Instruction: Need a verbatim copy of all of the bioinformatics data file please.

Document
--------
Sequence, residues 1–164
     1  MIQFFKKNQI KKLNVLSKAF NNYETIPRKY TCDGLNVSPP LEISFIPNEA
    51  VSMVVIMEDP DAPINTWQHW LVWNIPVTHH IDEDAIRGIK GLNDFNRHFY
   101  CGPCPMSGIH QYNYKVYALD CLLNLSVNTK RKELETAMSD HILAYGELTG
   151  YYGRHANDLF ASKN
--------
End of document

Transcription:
Sequence, residues 1–164
     1  MIQFFKKNQI KKLNVLSKAF NNYETIPRKY TCDGLNVSPP LEISFIPNEA
    51  VSMVVIMEDP DAPINTWQHW LVWNIPVTHH IDEDAIRGIK GLNDFNRHFY
   101  CGPCPMSGIH QYNYKVYALD CLLNLSVNTK RKELETAMSD HILAYGELTG
   151  YYGRHANDLF ASKN